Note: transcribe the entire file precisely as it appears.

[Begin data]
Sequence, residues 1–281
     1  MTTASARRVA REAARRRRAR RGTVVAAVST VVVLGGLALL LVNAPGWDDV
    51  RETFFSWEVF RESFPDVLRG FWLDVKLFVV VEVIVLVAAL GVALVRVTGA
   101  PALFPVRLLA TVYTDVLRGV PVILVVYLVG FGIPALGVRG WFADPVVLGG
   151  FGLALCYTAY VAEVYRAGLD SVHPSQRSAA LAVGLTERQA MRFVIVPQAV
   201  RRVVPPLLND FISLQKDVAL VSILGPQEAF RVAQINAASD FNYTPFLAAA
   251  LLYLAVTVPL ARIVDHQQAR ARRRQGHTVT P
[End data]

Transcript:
Sequence, residues 1–281
     1  MTTASARRVA REAARRRRAR RGTVVAAVST VVVLGGLALL LVNAPGWDDV
    51  RETFFSWEVF RESFPDVLRG FWLDVKLFVV VEVIVLVAAL GVALVRVTGA
   101  PALFPVRLLA TVYTDVLRGV PVILVVYLVG FGIPALGVRG WFADPVVLGG
   151  FGLALCYTAY VAEVYRAGLD SVHPSQRSAA LAVGLTERQA MRFVIVPQAV
   201  RRVVPPLLND FISLQKDVAL VSILGPQEAF RVAQINAASD FNYTPFLAAA
   251  LLYLAVTVPL ARIVDHQQAR ARRRQGHTVT P